Yes, you read that right; once every year, Amazon offers to pay full-time associates at its fulfillment centers up to $5,000 to quit. As an employee retention strategy, that sounds counterintuitive, if not outright batty, particularly considering how expensive it is to replace employees; the average cost per hire, according to the 2016 Human Capital Benchmarking Report by the Society for Human Resource Management, is $4,129. Is there a method to Amazon’s seeming madness?

How the Strategy Works

According to Michael Burchell, a workplace culture expert and author of ‘The Great Workplace: How to Build It, How to Keep It and Why It Matters,’ the strategy enhances employee engagement and saves money in the long term. Employee engagement, in his view, tends to revolve around two things; discretionary effort – the exertion required to perform above and beyond what is required – and the commitment to stay.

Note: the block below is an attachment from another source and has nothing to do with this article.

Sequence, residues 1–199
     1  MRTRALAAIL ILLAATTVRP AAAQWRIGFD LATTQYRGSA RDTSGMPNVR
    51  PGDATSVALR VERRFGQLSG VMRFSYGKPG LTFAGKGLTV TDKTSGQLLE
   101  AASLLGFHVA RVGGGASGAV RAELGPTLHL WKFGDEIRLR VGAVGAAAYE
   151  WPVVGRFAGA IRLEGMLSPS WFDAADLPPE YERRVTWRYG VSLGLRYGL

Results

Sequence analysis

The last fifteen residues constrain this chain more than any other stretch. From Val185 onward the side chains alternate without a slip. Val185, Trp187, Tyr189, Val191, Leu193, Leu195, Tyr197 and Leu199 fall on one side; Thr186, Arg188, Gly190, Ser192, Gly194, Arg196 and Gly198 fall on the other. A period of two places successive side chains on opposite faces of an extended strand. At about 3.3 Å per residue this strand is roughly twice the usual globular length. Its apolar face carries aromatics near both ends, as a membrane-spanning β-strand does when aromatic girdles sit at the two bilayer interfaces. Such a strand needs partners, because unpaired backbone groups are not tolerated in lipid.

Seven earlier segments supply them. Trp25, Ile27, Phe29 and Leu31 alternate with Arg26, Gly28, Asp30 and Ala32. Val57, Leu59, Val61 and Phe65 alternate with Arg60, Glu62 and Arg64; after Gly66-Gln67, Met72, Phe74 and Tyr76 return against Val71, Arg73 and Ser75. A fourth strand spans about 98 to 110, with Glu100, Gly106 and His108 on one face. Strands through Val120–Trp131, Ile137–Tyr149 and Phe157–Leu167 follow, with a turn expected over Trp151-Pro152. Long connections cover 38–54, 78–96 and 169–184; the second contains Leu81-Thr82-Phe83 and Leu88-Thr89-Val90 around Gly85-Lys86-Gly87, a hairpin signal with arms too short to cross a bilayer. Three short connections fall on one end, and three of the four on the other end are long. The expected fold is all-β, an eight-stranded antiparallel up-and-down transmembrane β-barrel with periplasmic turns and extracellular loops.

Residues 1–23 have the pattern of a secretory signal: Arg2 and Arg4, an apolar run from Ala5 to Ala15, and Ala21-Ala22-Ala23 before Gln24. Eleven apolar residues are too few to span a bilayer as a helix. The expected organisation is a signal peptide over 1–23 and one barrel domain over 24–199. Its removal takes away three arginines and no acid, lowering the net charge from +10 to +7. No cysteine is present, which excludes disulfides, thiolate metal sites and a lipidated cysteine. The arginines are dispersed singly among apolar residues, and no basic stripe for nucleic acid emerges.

Pay to Quit, as the Amazon program is named, may not make employees work harder, but it does foster commitment. Those who turn down the offer are essentially signing a tacit contract with the company at the psychological level. This boosts engagement, productivity, and ultimately, Amazon’s profitability.

The Benefits of Engagement – and Price of Disengagement

Studies show that employee engagement – and disengagement – has a significant impact on company performance. A 2016 Gallup meta-analysis of employee engagement showed that business units with high employee engagement had 21 percent higher productivity and 28 percent less theft compared to companies at the bottom quartile of the study.

Other benefits, according to the analysis, were reduced absenteeism and fewer quality defects. In the same vein, a 2011 study by UNC Kenan-Flagler Business School showing companies with highly engaged employees had revenue growth that was 2.3 times greater than that of companies with employees of average engagement.

Disengaged workers are expensive; a global 2013 Gallup study showed that such employees impose a cost of $3,400 for every $10,000 in salary. This means that an employee with an annual salary of $70,000 costs their organization $23,800 per year.

Closing Thoughts

According to Amazon, few people accept the offer. Those that do, however, tend to exhibit high levels of disengagement. The cost of replacing such employees is high in the short term, but the long-term benefits are more than worth it, as the studies cited above – and Amazon’s performance – show. Who’s crazy now?

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